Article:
What Does Contingent Mean in Real Estate?
When you browse through listings on sites, you may have noticed some properties labeled as “contingent.”
Does this mean that the house isn’t up for offers any more, or does this indicate that the property is reserved for a certain buyer?
A property listed as contingent comes with terms and conditions that are stated in the contract, mainly to let the buyer opt out of a deal without having to lose their earnest money deposit.
However, there are only certain instances that can be given a contingency. Knowing what contingencies are involved in a home sale will help you find just the right property.
What Does Contingent Mean in Real Estate?
In the real estate market, properties are marked differently before they are sold to a prospective buyer. One of these is “contingency.”
“Contingent” literally means “subject to change,” which is similar to its meaning in the real estate market.
When a house is marked as “contingent,” the home’s owner has already accepted an offer from a potential buyer that comes with contingencies.
Contingencies refer to the conditions written in the contract that either the buyer or the seller must meet before they go through with the sale, usually within a given period of time.
Here are a few examples:
Although a buyer places an offer on a home, the offer remains contingent because they will need to obtain a mortgage first.
The buyer gets the property inspected to ensure that it is in good condition and shape or true to the way the seller had described it to be.
What Is the Difference Between Contingent and Pending in Real Estate?
Marking a property as contingent means that the home is already under a contract with a buyer. Usually, this comes with specific contingencies stated in the contract, which should be met within a certain period of time before the transaction moves forward.
However, the listings for the property remain active because of the possibility that the contract may fall through.
When all the terms are met, the deal will be marked from contingent to pending.
A pending property refers to a home that has been accepted under a contract and all contingencies have been cleared out.
When the listing is pending, they will no longer be listed as active. It stays in this status until all of the legal papers and work have been processed successfully.
What Items Can Be Contingent on a House for Sale?
Before a property gets sold off, it will usually have to go through inspections and other processes to make sure the transaction goes smoothly.
Because of the different factors that affect how well the sale goes, various contingencies are applied.
Having contingencies in the contract will protect both the seller and buyer from a failed deal.
The factors of the property that can get contingencies are the following:
- Buyer’s mortgage approval
- Property’s appraisal
- Inspection of the property
- Buyer’s ability to sell off another home
- The property’s title
- Offers the seller receives while the property is contingent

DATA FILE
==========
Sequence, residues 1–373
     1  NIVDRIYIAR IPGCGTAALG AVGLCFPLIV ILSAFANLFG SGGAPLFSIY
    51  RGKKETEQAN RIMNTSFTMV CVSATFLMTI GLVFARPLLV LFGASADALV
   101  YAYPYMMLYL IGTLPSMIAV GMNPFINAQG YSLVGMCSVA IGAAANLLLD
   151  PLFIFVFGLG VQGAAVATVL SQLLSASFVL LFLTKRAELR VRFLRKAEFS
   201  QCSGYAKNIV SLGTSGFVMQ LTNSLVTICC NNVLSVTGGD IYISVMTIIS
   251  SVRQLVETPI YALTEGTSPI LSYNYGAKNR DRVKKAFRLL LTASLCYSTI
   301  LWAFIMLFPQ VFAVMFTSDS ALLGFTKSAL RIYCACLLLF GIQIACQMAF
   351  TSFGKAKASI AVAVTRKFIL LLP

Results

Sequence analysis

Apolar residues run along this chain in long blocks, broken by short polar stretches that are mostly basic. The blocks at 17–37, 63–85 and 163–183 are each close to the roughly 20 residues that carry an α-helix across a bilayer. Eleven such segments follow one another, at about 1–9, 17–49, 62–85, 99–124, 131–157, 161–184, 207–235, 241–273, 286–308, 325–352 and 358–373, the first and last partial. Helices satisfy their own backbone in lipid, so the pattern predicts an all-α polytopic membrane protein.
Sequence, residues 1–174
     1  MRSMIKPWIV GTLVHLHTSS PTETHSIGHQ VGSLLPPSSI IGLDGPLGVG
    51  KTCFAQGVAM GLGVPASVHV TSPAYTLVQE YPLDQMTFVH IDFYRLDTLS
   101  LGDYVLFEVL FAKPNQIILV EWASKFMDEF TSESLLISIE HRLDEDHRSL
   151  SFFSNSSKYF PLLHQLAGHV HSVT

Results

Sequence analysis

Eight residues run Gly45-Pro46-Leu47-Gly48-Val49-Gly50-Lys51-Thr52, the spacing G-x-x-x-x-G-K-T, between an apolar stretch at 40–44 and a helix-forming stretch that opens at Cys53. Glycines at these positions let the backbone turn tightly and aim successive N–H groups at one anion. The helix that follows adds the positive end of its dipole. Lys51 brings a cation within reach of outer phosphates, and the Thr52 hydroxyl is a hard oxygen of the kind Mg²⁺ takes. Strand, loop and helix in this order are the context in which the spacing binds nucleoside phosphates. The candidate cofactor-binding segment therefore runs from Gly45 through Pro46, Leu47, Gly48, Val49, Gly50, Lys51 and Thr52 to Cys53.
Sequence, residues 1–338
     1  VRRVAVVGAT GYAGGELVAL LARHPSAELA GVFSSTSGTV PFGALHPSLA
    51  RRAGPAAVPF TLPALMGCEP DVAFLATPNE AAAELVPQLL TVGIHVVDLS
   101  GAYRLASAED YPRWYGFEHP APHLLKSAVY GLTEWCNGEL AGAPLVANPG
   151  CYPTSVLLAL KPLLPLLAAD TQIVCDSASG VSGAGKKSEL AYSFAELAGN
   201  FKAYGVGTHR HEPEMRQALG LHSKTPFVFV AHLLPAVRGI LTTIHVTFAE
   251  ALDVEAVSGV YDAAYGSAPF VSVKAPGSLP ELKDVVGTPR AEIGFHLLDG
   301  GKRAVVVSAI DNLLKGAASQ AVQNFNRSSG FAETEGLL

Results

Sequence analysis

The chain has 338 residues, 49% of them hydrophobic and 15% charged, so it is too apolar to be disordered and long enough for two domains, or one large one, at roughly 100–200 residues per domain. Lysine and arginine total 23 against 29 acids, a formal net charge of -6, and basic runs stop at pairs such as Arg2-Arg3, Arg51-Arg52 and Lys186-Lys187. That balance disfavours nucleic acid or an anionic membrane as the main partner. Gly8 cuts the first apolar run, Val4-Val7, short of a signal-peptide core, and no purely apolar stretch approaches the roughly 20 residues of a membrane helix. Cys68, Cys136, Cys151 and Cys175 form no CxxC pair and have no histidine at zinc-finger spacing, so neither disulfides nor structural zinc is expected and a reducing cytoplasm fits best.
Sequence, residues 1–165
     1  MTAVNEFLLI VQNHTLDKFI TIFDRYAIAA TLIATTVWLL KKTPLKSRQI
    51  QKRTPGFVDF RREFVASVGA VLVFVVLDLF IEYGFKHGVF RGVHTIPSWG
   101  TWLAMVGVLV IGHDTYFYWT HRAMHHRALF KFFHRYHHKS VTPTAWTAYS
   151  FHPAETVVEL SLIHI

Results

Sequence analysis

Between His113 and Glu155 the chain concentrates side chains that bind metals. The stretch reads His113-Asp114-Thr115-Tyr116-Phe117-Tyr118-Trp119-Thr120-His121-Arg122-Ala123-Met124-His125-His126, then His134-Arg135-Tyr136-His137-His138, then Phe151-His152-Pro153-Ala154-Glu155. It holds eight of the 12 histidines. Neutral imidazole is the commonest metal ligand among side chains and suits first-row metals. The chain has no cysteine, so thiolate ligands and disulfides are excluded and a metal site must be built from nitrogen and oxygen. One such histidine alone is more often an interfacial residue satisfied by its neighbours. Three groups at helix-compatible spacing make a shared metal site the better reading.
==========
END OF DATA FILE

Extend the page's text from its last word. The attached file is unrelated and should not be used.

These cause changes in the contract, which will allow either party to negotiate the terms, comply with the new conditions, or terminate the contract.
Mortgage or Financial Contingency
A financial contingency comes up when the potential buyer is unable to get the money needed to purchase the property or if their mortgage falls through.
For example, if the agreement specifies that there should be a 30% down payment and a conventional loan of 30 years, then this is what the lender will be considering. If the buyer fails to get the mortgage, the situation allows the seller to back out of the sale.
Usually, sellers check the buyer’s financial qualifications to determine if they have the ability to purchase the home. This part is important if the buyer needs to get a mortgage.
By having a mortgage or financial contingency, the seller can protect themselves from a failed transaction without having to waste too much time and other potential buyers.
When the property is appraised, the value of the home must be enough to justify the given offer.
A buyer’s agent will usually put appraisal contingencies on the contract to make sure that their client isn’t overpaying for the home.
In the event that the offer for the property doesn’t match up with the appraised value, the buyer will be given the choice to negotiate for a lower price or back out of the deal.
However, it’s important to make sure there aren’t any appraisal disputes wherein the appraiser has lapses in calculating the value of the said property.
Before the home gets sold off to a prospective buyer, the property goes through an inspection.
If the result of the inspection states that there are several issues with the home such as problems with structure, plumbing, roofing, and other significant problems, the buyer can place a contingency to get those issues fixed. They can also negotiate with the seller for a lower price.
If the seller refuses to get the property fixed up or the price of the home isn’t lowered, then the buyer can choose to step out of the deal.
Failing to comply with any of the terms given by the buyer after finding major wear and tear in the property would be similar to terminating their agreement.
Sale of Another House Contingency
The scenario may come up wherein the buyer can only get the money to purchase the property after they have sold off their current home.